Boyce puts his fine campaign down to his off-season; no, not that 33,000 km round trip to England, but Australia A's tour of India, where he further got to grips with the conditions he could experience in the World T20, as well as playing two 50-over triangular games, taking five wickets at 16. "Leading into that tour," he says, "I didn't feel I was bowling that well, but it was good to get over there and just get through some work and get in some nice hard training.
"I've been over there [India] a few times now and I reckon as a bowler you can come to expect a bit too much of yourself because people associate Indian wickets with spinners and expect them to take wickets. I did learn a lot from that, not only just from my bowling, but also from how a team and a balanced attack works and about how I can contribute best."
A standout aspect of Boyce's BBL has been the quality of players he has dismissed and the match-turning spells he bowled in each of Hurricanes' three victories. In the second fixture against Brisbane Heat, he dismissed Lynn (on 101) to seal the game, and against Sydney Thunder, his 2 for 24, including the wicket of Andre Russell, put the brakes on what had looked a comfortable chase. The ability to dismiss the competition's best players at key moments should not be underestimated; Chris Gayle and Aaron Finch were running amok, smashing him for three boundaries, but he responded with both their wickets. Brad Haddin, Nic Maddinson and Adam Voges are also among his 11 scalps.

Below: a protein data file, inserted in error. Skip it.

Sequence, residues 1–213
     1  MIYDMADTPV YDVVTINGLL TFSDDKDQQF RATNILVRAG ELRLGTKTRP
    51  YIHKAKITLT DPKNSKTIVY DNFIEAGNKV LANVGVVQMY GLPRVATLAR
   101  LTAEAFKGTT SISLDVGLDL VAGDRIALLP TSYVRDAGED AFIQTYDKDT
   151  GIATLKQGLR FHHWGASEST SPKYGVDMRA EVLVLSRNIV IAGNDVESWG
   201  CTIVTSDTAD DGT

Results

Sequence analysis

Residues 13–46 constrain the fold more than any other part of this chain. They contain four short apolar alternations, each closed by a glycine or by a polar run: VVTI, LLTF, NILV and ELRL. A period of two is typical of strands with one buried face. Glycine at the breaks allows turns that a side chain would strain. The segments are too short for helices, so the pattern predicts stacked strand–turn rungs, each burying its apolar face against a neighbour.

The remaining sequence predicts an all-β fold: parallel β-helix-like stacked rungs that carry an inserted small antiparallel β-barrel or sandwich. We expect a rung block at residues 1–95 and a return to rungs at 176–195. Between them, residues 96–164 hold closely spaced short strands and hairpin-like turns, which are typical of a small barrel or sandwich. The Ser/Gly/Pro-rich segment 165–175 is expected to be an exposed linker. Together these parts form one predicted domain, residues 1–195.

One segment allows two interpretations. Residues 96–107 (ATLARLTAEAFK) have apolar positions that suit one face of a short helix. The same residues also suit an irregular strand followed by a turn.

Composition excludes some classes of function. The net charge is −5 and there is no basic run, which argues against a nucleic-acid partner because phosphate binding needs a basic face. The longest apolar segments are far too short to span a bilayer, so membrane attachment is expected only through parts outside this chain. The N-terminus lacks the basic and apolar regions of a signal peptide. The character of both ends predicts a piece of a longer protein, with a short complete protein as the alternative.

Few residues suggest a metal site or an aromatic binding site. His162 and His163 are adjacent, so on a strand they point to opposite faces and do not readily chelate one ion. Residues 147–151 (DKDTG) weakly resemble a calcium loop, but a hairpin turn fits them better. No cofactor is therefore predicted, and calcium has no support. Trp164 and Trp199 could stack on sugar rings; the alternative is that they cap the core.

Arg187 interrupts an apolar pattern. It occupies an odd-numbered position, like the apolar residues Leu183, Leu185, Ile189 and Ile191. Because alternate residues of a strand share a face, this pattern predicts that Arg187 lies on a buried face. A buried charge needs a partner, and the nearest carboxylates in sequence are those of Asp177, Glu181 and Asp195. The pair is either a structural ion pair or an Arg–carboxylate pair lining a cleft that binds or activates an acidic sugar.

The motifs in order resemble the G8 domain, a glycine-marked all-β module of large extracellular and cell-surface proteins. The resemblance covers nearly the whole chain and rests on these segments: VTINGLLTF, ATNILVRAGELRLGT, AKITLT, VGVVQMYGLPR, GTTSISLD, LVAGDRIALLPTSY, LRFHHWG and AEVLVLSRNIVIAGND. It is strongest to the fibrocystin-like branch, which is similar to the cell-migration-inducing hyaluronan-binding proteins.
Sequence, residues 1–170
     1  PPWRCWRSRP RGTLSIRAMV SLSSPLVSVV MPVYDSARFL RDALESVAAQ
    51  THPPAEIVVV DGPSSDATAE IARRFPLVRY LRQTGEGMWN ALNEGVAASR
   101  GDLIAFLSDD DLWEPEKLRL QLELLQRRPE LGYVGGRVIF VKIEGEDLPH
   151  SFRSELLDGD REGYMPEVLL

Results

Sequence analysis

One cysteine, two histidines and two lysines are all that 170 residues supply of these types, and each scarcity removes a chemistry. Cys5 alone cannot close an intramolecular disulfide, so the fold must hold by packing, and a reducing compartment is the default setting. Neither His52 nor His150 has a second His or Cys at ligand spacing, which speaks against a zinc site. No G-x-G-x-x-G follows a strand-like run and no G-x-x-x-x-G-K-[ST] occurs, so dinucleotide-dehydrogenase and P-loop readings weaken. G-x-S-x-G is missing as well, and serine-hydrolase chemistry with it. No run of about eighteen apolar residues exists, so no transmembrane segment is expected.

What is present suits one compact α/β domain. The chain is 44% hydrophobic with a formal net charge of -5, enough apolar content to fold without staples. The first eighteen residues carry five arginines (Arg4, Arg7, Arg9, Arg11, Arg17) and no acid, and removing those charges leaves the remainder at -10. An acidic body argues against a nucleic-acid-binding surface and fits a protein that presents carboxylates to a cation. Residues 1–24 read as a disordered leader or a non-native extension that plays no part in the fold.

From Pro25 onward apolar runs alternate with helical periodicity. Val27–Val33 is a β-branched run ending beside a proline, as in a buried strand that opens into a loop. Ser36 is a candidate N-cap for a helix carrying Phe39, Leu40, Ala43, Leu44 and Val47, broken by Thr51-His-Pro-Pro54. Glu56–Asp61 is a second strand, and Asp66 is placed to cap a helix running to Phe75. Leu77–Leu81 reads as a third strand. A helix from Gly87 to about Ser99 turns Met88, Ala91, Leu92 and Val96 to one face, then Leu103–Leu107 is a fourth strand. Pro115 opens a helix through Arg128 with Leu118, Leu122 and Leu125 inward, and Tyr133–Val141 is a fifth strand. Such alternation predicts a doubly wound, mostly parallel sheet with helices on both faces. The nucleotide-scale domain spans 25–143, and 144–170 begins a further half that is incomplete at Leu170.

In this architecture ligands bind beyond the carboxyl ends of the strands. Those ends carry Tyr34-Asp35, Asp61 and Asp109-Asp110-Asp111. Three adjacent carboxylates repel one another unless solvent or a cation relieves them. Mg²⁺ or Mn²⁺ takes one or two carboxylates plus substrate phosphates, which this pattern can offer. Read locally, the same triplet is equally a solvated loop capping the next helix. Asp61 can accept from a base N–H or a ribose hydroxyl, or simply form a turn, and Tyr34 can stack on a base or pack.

"I'd be lying if I said I wasn't nervous when someone like Gayle is getting after me!" he laughs. "I turned to George [Bailey], and he said 'he's going to try to hit you straight', so I just pulled my length back just a tiny bit, spun it as hard as possible, so if he was going to go straight, he'd have to hit it absolutely perfectly."
Moments later, Boyce says he'd be "lying" if he said he didn't have half an eye on another trip to India. "I love bowling to these guys. To be able to test yourself against blokes like this is awesome and the BBL has proved it's a great place for that. Hopefully it's something I'm doing more in the near future."